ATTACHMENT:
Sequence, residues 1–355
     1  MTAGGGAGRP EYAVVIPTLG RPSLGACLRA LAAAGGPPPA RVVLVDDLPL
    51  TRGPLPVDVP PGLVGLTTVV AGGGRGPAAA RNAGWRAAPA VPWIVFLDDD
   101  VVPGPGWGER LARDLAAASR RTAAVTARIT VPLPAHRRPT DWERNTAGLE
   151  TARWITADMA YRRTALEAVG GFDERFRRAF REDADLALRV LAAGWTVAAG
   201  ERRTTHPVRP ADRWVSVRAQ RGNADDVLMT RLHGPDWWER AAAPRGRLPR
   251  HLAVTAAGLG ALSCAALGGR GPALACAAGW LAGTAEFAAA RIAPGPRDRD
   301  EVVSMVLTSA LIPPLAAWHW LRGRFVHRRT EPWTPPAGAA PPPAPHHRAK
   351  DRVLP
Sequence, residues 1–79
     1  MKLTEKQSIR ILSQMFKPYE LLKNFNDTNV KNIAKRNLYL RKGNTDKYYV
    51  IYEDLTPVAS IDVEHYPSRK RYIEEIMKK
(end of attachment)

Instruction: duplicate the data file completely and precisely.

Sequence, residues 1–355
     1  MTAGGGAGRP EYAVVIPTLG RPSLGACLRA LAAAGGPPPA RVVLVDDLPL
    51  TRGPLPVDVP PGLVGLTTVV AGGGRGPAAA RNAGWRAAPA VPWIVFLDDD
   101  VVPGPGWGER LARDLAAASR RTAAVTARIT VPLPAHRRPT DWERNTAGLE
   151  TARWITADMA YRRTALEAVG GFDERFRRAF REDADLALRV LAAGWTVAAG
   201  ERRTTHPVRP ADRWVSVRAQ RGNADDVLMT RLHGPDWWER AAAPRGRLPR
   251  HLAVTAAGLG ALSCAALGGR GPALACAAGW LAGTAEFAAA RIAPGPRDRD
   301  EVVSMVLTSA LIPPLAAWHW LRGRFVHRRT EPWTPPAGAA PPPAPHHRAK
   351  DRVLP
Sequence, residues 1–79
     1  MKLTEKQSIR ILSQMFKPYE LLKNFNDTNV KNIAKRNLYL RKGNTDKYYV
    51  IYEDLTPVAS IDVEHYPSRK RYIEEIMKK